Microbiology master's student Michael Wilkie said that this kind of research gives him a better idea of how microbes work in these environments and the effects it has on the community.

"I've always been interested in microbes and what they can do for us. It's great to do something for the community and it's a good experience for me to understand how the bacteria works in a treatment system like this," said Michael.

He added that this research could assist in finding better solutions for water treatment systems across the country.

"I told my supervisor that I always wanted to be in an interdisciplinary project like this, and that's why I applied for it. The experience has been great because I get to meet new people. I've even met some people from my hometown, so I feel like part of the community," said Geography PhD student Motshwaedi Sepeng.

Students and researchers have since spent five weeks on-site this year, something that was almost impossible during the Covid-19 pandemic. The pandemic saw the collapse of some of the wetland infrastructure, sewage build-up and a disrupted ecosystem due to dying plants in the wetlands.

The latest data indicates that the wetlands are working and that there is significant remediation of the wastewater occurring within them. Research is ongoing to understand the extent of the remediation. A project extension has also been applied for to revise the design to prevent clogging of the wetlands.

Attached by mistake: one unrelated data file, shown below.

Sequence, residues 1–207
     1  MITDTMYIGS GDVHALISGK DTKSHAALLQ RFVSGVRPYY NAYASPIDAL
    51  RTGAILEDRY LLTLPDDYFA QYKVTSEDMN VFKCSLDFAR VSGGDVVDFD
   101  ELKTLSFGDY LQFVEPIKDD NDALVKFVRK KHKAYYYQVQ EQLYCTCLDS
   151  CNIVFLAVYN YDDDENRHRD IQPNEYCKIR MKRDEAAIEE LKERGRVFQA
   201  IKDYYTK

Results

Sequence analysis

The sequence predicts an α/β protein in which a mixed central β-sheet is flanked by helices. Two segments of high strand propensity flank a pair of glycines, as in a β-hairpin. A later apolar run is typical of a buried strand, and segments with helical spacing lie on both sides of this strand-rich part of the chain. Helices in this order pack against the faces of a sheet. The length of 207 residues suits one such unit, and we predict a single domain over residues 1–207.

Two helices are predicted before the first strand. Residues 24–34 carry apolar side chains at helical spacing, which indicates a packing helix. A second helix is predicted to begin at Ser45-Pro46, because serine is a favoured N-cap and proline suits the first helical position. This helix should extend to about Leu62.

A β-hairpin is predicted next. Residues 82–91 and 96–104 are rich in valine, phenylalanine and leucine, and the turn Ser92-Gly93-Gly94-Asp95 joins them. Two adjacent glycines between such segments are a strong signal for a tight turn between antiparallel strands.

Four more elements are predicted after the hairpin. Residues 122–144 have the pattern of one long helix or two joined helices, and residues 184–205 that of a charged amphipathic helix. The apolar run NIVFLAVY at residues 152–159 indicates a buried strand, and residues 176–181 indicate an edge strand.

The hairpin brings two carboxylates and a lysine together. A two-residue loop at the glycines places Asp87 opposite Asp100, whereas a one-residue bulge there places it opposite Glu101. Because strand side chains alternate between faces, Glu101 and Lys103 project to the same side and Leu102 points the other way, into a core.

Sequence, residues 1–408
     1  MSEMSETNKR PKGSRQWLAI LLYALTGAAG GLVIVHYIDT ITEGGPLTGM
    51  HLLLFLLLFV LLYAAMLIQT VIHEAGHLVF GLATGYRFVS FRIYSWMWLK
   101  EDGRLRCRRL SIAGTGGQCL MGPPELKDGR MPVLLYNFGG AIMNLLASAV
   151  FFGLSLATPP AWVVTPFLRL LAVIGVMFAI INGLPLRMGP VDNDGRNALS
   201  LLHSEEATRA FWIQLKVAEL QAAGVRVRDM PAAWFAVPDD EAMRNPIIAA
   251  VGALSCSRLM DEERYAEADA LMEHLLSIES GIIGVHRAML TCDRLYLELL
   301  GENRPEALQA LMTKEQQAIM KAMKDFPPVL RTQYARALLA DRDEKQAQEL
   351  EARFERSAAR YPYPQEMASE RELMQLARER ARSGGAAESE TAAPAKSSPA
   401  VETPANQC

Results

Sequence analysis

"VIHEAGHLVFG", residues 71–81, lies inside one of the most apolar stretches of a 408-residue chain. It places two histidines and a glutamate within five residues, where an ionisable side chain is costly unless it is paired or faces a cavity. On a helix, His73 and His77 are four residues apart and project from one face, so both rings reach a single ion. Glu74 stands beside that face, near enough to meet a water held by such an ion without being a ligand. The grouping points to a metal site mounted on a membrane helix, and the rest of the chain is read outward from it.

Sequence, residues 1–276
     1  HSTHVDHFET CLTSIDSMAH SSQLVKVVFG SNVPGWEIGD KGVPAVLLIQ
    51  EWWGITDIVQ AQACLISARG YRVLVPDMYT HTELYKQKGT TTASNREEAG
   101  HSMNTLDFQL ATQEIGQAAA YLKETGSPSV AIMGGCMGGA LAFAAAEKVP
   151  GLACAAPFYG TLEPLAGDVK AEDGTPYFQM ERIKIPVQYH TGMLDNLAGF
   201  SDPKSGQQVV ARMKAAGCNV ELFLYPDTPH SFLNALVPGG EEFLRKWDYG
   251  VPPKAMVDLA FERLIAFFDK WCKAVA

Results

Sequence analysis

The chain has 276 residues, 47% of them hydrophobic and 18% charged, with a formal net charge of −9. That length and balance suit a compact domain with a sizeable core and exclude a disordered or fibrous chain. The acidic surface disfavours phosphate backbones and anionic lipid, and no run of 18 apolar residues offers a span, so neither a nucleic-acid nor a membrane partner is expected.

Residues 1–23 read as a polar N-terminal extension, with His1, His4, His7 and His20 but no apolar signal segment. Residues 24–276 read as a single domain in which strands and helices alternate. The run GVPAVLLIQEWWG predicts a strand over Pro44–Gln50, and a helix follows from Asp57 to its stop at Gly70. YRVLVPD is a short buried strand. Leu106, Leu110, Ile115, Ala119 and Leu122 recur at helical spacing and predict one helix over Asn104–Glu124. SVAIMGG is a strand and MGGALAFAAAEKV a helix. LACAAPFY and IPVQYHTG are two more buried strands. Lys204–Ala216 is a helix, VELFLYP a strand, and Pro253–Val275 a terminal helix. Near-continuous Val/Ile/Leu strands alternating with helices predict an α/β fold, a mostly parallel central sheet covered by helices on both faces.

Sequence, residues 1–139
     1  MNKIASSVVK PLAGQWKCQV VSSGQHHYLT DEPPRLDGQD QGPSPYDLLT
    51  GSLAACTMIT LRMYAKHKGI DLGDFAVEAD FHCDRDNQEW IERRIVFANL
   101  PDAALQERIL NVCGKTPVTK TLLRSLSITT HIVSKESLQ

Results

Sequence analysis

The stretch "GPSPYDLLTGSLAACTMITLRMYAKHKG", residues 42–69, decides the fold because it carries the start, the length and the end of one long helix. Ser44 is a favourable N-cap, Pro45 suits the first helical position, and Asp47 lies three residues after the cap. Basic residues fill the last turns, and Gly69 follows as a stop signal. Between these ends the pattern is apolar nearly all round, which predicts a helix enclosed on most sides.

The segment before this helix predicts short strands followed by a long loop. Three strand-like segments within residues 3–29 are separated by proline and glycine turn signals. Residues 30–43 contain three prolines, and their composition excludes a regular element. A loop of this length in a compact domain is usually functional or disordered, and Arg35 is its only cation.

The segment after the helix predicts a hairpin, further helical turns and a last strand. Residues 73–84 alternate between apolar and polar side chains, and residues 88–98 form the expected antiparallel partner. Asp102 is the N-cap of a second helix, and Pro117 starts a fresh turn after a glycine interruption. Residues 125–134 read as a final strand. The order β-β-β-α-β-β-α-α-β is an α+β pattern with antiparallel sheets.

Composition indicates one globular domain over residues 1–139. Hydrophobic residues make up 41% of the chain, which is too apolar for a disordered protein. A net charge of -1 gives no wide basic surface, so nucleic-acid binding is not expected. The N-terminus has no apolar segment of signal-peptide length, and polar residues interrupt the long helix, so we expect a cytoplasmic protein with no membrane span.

The project will conclude in March 2033.

Integrated research across Engineering, Psychology and Biology

 A uniquely multidisciplinary project, URBWAT operates in the fields of engineering, the social sciences (psychology and geography), and the natural sciences (systems ecology and microbiology). While engineering and natural science objectives include evaluating the success of CWs in Alex to analyse and treat greywater there, social science objectives include assessing the attitudes and experiences of community members and other stakeholders to CWs, through workshops, focus groups, and surveys.

Water challenges for a changing world

Data from Statistics South Africa (StatsSA)'s General Household Survey indicate that 79.3% of households in South Africa live in formal dwellings, while 13.9% of households live in informal dwellings and 5.9% of households live in traditional dwellings. The sheer number of people (and the effect of wastewater treatment on health and thus on livelihood and prosperity) make the need for ‘adequate and equitable sanitation and hygiene’, and ‘improved water quality’, both by 2030, a priority.

The URBWAT project meets the dire need in South Africa for a low-cost, sustainable solution for informal settlements that lack adequate sanitary infrastructure. Ultimately, constructed wetlands have potential when temporary settlements have to be constructed to deal with an emergency – such as when people are displaced by fires or floods – or for use in refugee camps, where tent-dwellers have poor access to sewerage and/or greywater treatment.